Query records to find missing web resources

When customers visit your website, a link that results in a "HTTP 404 - File not found" error message can be frustrating and might cause customers to leave your site without finding what they were searching for.

This walkthrough takes you through the steps of sending HTTP records to your recordstore, then drilling down on HTTP transaction metrics to discover the source of 404 errors and identify any missing resources on your web server.


  • Familiarize yourself with the concepts in this walkthrough by reading the Records topic.
  • You must have access to an ExtraHop system that is connected to a recordstore.
  • Your user account must have full write privileges to create a trigger.
  • Your ExtraHop system must have network data with web server traffic and HTTP records that are being written to the recordstore. If you do not have access to web server data, you can perform this walkthrough in the ExtraHop demo.

Write a trigger to generate HTTP records

Before you can query for records, you must write a trigger to generate a record every time an HTTP response occurs on specified devices or networks.

Note:If you are performing this walkthrough in the ExtraHop demo, the trigger has already been created, and you can proceed to the Start a new query section.
  1. Log in to the ExtraHop system through https://<extrahop-hostname-or-IP-address>.
  2. Click the System Settings icon and then click Triggers.
  3. On the Triggers page, click New.
  4. Type a name for the trigger in the Name field. For this walkthrough, type HTTP response.
  5. Select the Enable debug log checkbox to help you validate that the script is running correctly.
  6. Click in the Events field and select HTTP_RESPONSE.
  7. In the Assignments field, type the name or IP address of one of your HTTP servers and select the server from the search results.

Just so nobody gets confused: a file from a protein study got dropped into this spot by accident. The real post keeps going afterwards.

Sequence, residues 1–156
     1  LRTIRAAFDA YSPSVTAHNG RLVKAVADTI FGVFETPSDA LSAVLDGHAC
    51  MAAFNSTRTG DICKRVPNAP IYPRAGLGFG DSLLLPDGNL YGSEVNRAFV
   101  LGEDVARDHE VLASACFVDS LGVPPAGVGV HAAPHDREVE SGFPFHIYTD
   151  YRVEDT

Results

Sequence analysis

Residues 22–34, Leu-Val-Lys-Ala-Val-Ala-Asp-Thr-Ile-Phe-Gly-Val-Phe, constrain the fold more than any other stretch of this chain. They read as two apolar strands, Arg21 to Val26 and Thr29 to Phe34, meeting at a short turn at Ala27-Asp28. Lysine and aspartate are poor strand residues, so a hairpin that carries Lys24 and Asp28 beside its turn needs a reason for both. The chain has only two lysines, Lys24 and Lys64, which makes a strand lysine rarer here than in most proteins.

8. Click the Editor tab.
  9. In the Trigger Script editor, type the following code:
    debug ("committing HTTP record")

    HTTP.commitRecord() is the method of generating the HTTP records, and "committing HTTP record" is the text string that is written in the debug log when the trigger successfully commits the record.

  10. Click Save and Close.

Start a new query

Now, you will create a new query to view all of the HTTP data received in the last 24 hours.

  1. Click on the Global Time Selector, select Last 1 day and then click Save.
  2. Click Records.
  3. From the Any Record Type drop-down list, select HTTP and then click Save to filter the results of your query to only display the metrics related to HTTP records.
  4. Click View Records.

Refine results

Refine the results further to get a clearer picture of which server is supposed to store the requested resource, the client that is requesting the resource, and finally the path to where the resource should be located.

  1. Click 404 in the Status Code section in the left pane.
  2. From the Group By drop-down list in the left pane, select URI.
    You now have a list of URIs that are returning 404 errors. In the figure below, the builder.example.com:8080/version/build-version.html URI appears to be problematic, recording over 45,000 errors.
  3. Click the URI with the highest count of 404 errors and then click the equals sign (=) to add the URI as a filter.
  4. Find the client or clients that are making the request for that URI.
    From the Group By drop-down list, select Client IPv4 Address. From this result, you can see that only one client is requesting this URI that is returning a 404 status code.

Interpreting results

So, what do you know now? With a few simple clicks, you were able to drill down to find a specific client that was requesting a specific URI from a specific server. You now have the information to track the errors back to the source and resolve the 404 error.

Last modified 2024-04-02